No, it really doesn’t. Seasonally, it’s connected. But let me make a connection between Christmas and Hanukkah, the Jewish festival of lights. Hanukkah is not a holiday or feast that’s found anywhere in the Old Testament. The events that are commemorated at Hanukkah, the Festival of Lights, happened in the period after the Old Testament (the Hebrew Scriptures, the Tanakh) was compiled.

It refers to God’s miraculous provision of oil, used as fuel for the lights, to rededicate the Temple in Jerusalem after it was desecrated by Antiochus Epiphanes. It’s a beautiful story.

I find it interesting that there is Scriptural evidence in the Gospel of John of Jesus recognizing Hanukkah. It talks about Him being in Jerusalem, for the Festival of the Dedication, which is the way they referred to Hanukkah in New Testament times.

Here’s my point: Jesus commemorated a Jewish holiday that was not commanded in the Hebrew Scriptures. To me, that gives allowance for Christians who would like to commemorate Christmas. Because let’s face it, the Bible gives absolutely no command for Christians to celebrate the birth of Jesus. The Bible doesn’t give us a date for the birth of Jesus or tell us how to celebrate it. For that reason, some Christians have said that we should not celebrate Christmas.

I believe we have freedom in Jesus Christ. If you want to celebrate Christmas, you have liberty. I think Jesus’ participation in the Festival of Dedication (which we recognize as Hanukkah), as detailed for us in the Gospel of John, gives us the principle that it’s okay to commemorate things that really happened, but aren’t necessarily commanded to be commemorated. It’s okay. I don’t think it’s commanded; but it’s okay to do it. That’s the only connection I would make between Hanukkah, the Jewish festival of lights, and Christmas. Both are extrabiblical celebrations which are permitted.

Did King Herod ever find out if the Magi found Jesus alive?

No, Herod must have died shortly after this. I would think that Herod probably assumed that whoever it was that the Magi is sought after would have been killed in the slaughter of the innocents commanded by King Herod. That’s my guess; we’re speculating a bit here, but my speculation would be that he wouldn’t have known. Herod died shortly after that time, and he would have had good reason to assume that the child who the Magi sought had been killed in the slaughter of the innocents.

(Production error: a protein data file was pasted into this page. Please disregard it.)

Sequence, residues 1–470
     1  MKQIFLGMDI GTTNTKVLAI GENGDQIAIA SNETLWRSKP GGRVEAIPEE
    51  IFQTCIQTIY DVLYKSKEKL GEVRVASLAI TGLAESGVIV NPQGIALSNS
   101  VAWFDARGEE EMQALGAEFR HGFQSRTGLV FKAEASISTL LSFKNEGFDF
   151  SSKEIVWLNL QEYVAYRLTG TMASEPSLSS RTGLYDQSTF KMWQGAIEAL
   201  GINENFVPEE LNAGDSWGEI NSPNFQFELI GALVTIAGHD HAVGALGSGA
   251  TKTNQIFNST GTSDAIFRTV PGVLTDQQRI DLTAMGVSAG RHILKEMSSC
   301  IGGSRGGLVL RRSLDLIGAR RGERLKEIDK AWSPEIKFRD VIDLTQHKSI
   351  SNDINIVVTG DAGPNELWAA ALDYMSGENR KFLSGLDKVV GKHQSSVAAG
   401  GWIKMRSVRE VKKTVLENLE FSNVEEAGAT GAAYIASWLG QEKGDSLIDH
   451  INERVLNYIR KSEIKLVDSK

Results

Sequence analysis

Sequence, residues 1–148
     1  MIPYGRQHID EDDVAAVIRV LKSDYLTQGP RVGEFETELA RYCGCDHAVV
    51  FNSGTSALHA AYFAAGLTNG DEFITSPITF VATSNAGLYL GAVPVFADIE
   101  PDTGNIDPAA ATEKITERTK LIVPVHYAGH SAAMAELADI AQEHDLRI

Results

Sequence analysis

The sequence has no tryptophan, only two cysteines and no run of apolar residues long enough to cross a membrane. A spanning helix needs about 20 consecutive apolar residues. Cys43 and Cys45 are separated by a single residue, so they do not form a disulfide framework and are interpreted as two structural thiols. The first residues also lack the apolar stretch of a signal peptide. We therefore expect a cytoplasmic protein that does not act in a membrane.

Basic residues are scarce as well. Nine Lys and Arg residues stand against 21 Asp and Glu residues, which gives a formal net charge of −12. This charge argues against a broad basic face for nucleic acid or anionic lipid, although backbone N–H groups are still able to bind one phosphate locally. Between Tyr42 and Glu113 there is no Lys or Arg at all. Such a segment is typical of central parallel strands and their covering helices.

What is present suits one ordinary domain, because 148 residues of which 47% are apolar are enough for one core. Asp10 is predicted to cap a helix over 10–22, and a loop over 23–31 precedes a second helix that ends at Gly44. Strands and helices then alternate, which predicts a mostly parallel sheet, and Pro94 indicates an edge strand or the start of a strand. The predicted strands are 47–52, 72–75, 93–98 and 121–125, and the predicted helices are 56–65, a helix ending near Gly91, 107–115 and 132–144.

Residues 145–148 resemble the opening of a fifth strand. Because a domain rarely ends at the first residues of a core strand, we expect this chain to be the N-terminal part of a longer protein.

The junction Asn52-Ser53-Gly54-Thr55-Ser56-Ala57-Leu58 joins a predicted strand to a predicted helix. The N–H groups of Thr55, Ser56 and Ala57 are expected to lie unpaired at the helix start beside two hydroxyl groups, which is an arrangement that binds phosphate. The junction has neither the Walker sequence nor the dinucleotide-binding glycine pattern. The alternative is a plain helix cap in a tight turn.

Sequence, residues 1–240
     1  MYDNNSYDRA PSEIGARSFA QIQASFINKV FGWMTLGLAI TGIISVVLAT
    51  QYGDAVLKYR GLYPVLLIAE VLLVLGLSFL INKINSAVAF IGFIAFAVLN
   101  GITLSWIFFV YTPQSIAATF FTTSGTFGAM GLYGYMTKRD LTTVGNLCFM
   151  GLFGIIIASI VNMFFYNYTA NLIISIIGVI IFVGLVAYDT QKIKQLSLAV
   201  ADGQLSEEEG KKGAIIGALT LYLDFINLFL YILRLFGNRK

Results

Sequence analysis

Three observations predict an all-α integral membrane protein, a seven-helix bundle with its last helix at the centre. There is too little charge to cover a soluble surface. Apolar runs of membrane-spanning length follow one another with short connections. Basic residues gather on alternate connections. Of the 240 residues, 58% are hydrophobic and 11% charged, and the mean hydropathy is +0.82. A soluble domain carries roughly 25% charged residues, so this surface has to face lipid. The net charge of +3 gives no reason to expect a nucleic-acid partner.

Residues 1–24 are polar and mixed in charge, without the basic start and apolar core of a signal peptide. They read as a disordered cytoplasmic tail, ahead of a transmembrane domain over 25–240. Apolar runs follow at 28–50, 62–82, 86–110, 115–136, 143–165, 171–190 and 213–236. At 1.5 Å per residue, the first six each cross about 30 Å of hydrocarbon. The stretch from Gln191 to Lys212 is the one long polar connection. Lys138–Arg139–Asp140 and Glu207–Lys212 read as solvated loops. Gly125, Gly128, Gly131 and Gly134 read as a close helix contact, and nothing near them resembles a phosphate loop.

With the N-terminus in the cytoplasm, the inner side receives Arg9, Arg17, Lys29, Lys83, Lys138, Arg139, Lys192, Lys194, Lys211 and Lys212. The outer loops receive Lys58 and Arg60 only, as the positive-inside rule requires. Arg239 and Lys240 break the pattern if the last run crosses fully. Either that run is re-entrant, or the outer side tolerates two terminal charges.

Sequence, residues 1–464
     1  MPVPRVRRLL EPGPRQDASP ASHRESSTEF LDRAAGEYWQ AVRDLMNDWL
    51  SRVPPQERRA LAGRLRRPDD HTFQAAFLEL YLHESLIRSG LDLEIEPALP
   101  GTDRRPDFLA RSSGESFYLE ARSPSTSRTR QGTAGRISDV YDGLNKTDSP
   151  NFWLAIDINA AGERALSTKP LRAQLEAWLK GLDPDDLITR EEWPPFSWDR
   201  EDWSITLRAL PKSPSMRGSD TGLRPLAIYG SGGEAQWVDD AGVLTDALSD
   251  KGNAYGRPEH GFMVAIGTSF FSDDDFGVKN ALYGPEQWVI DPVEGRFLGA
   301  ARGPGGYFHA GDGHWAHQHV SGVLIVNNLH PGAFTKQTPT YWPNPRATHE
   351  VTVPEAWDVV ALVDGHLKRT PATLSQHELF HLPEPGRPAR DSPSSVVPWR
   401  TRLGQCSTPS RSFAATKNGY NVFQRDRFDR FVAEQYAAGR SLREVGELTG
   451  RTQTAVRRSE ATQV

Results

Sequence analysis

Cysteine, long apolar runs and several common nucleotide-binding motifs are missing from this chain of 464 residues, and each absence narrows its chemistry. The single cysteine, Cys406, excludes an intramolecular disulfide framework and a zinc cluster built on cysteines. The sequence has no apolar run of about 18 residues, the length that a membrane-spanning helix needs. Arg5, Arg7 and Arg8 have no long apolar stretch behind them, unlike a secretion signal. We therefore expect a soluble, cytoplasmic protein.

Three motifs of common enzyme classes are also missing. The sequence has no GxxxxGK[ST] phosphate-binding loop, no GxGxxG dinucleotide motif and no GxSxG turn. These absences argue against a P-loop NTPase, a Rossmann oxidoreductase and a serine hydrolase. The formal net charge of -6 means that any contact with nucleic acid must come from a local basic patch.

Why was Jesus never called Immanuel after His birth?

Both Matthew 1:23 and Isaiah 7:14 refer to the Savior’s name as Immanuel, so why was Jesus never called that after His birth?

In ancient Near Eastern cultures and in the Scriptures, a person’s name was much more than a handle by which they were referred. A name was a very powerful representation of a person’s character, who they were, and what kind of person they were. When the Scripture says prophetically in Isaiah, and in its later fulfillment in Matthew 1, that the Savior’s name will be called Immanuel, it doesn’t mean that that would be His literal, given name. Rather, it describes His character, His person, and who He was.

When I was growing up, there was a figure of speech commonly used: saying that somebody’s name was mud. It meant that that person had a bad reputation. It never meant that people went around calling him Mr. Mud; it meant that their name was associated with a very bad reputation.

Likewise, the Savior’s name would be called Immanuel to depict His character but would not need to be used as His given name.

What does it mean when Colossians 2:9 says, “For in Him dwells all the fulness of the Godhead bodily”?

Colossians 2:9 – For in Him dwells all the fullness of the Godhead bodily.

First, this verse tells us that Jesus Christ is God. Think about both of those terms “all” and “the fullness” together; it tells us absolutely, comprehensively, that whatever God is, it is contained in Jesus Christ. Jesus Christ is not some junior God or lesser God. He is God. Of course, we understand this as part of the wonder and amazement of the Trinity: God the Father has all the fullness of the God, God the Son has all the fullness that God, and God the Holy Spirit has all the fullness of God. There’s one God in three Persons, but in no sense is Jesus Christ a lesser partner in the Godhead. All the fullness of the Godhead dwells in Him bodily.

I have no doubt that Paul wrote that to answer or refute some of the false teaching that was coming before the believers in Colossae. That teaching would have been an early form sort of a pre-Gnosticism, which would have not had much appreciation for Jesus Christ bodily. That’s why Paul says, notice this, “For in Him dwells all the fullness of the Godhead bodily.” In other words, there is a tendency for some people to think that because Jesus Christ had a real flesh-and-blood body, that somehow, He was less than God. And Paul is answering, “No, that’s not true at all.”

We do not accept that division between the body and the spirit that says, “There’s nothing good or nothing Godly in the body.” No, the body is affected by the fall, but that’s fallen humanity. That’s not the perfect humanity of Jesus Christ.